The latest in a series about influences from my childhood
Everyone knows Ray Bradbury as a science-fiction writer, but one of my favorite works from him (aside from his masterpiece, Something Wicked This Way Comes) is his young adult novel The Halloween Tree, which I read many years ago as a boy. It’s a darkly enchanting book that examines, in story form, the origins of Halloween.
It was made into an animated TV movie in 1993, and though I’ve seen clips from it, I’ll pass. Because though you can portray a Bradbury story on a screen, it’s nowhere near the same in beauty or power or terror: no one wrote prose as poetry the way Bradbury did. From The Halloween Tree:
It was a small town by a small river and a small lake in a small northern part of a Midwest state. There wasn’t so much wilderness around you couldn’t see the town. But on the other hand there wasn’t so much town you couldn’t see and feel and touch and smell the wilderness. The town was full of trees. And dry grass and dead flowers now that autumn was here. And full of fences to walk on and sidewalks to skate on and a large ravine to tumble in and yell across. And the town was full of…
And it was the afternoon of Halloween.
And all the houses shut against a cool wind.
And the town was full of cold sunlight.
But suddenly, the day was gone.
Night came out from under each tree and spread.
There where hundreds of graves. There where hundreds of women. There were hundreds of daughters. There were hundreds of sons. And hundreds upon hundreds upon thousands of candles. The whole graveyard was one swarm of candleshine as if a population of fireflies had heard of a Grand Conglomeration and had flown here to settle in and flame upon the stones and light the brown faces and the dark eyes and the black hair.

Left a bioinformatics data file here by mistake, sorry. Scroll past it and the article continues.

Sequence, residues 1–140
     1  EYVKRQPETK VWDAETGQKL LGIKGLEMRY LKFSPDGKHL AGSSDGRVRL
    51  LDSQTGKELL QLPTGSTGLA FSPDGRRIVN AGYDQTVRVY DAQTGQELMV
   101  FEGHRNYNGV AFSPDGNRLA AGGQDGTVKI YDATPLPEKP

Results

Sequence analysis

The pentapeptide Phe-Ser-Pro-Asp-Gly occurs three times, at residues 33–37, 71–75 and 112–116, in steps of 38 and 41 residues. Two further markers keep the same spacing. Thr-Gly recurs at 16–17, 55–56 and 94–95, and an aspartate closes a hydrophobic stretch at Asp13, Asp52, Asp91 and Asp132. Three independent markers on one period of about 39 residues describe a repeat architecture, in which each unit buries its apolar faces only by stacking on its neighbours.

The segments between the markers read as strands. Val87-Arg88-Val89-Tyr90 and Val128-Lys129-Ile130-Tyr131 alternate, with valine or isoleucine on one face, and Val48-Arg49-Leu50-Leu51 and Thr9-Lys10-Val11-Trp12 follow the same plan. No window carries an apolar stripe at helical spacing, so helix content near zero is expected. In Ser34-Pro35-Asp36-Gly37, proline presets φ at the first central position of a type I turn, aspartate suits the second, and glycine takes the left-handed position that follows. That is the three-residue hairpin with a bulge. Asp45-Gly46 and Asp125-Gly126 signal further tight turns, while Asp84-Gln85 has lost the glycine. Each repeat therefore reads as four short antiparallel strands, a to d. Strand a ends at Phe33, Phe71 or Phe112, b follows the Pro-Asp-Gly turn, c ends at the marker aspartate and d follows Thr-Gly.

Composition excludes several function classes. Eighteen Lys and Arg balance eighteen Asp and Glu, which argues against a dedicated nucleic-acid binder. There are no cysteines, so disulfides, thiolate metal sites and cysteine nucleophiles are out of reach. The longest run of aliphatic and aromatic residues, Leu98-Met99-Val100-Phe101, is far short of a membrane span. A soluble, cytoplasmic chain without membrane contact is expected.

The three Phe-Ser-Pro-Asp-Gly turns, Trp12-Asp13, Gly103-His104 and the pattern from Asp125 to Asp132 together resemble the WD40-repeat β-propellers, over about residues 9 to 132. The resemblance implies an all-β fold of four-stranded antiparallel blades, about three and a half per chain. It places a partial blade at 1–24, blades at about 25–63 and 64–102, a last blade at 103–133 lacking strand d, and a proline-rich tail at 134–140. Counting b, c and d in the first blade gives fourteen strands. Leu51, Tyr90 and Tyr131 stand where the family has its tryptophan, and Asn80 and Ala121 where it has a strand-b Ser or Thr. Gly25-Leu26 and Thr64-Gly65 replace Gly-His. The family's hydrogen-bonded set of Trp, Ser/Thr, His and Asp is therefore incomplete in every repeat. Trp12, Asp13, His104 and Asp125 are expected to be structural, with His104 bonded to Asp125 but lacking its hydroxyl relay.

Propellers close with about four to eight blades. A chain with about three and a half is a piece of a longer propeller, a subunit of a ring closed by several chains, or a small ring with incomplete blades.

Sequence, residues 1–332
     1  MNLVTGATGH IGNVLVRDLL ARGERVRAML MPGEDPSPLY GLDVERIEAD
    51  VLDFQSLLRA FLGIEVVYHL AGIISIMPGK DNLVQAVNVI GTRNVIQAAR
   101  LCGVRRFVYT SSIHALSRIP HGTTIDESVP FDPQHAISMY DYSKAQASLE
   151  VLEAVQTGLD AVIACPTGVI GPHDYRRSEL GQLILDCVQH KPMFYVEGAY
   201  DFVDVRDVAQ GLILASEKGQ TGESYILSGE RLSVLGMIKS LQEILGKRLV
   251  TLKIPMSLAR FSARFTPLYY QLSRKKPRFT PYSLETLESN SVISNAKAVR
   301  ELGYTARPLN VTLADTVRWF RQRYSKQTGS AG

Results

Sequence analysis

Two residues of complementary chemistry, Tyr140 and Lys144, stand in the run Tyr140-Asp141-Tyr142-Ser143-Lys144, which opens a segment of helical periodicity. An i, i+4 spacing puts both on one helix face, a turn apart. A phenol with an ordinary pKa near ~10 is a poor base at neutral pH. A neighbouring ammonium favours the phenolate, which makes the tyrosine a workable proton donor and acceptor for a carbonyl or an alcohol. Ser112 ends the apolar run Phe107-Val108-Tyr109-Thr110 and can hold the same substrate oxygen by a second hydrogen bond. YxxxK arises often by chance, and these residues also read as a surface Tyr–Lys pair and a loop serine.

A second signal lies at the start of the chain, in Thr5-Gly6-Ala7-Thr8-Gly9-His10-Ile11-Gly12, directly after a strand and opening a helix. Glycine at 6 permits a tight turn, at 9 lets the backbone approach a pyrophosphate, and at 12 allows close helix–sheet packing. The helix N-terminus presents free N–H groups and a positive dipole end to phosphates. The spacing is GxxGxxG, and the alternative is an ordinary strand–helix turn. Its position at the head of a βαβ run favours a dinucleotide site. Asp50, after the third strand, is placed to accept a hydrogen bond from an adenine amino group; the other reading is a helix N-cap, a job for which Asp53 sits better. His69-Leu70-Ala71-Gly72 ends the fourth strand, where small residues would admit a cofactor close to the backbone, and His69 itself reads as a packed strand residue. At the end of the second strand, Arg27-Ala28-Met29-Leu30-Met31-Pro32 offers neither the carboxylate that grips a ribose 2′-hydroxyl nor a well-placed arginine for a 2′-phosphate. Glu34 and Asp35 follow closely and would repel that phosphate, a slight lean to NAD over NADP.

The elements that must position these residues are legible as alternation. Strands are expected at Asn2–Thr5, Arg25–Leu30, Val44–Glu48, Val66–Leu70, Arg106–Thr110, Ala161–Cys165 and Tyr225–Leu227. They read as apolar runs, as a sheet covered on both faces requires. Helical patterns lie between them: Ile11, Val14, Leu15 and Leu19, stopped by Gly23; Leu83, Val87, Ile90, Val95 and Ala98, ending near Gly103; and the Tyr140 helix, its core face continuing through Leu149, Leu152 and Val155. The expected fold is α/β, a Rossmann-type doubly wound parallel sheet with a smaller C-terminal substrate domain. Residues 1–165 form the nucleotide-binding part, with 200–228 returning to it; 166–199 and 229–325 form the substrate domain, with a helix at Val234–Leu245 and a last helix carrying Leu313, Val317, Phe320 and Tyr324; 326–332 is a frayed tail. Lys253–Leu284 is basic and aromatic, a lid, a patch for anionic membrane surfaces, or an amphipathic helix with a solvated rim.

“So,” said Moundshroud. “If we fly fast, maybe we can catch Pipkin. Grab his sweet Halloween corn-candy soul. Bring him back, pop him in bed, toast him warm, save his breath. What say, lads? Search and seek for lost Pipkin, and solve Halloween all in one fell dark blow?”
They thought of All Hallows’ Night and the billion ghosts awandering the lonely lanes in cold winds and strange smokes.
They thought of Pipkin, no more than a thimbleful of boy and sheer summer delight, torn out like a tooth and carried off on a black tide of web and horn and black soot.
And, almost as one, they murmured: “Yes.”
The edition of The Halloween Tree that I first read was the paperback pictured above, with the incredible illustrations by Bradbury’s longtime collaborator Joseph Mugnaini. My favorite artist for this type of work is Edward Gorey (more about him some other time), but Mugnaini gives him a run for his money with this book.
One more quote before we go, as the inimitable Mr. Moundshroud slips away into the dark:
Miraculously, smoke curled out of his own mouth, his nose, his ears, his eyes, as if his soul had extinguished within his lungs at the very moment the sweet pumpkin gave up its incensed ghost.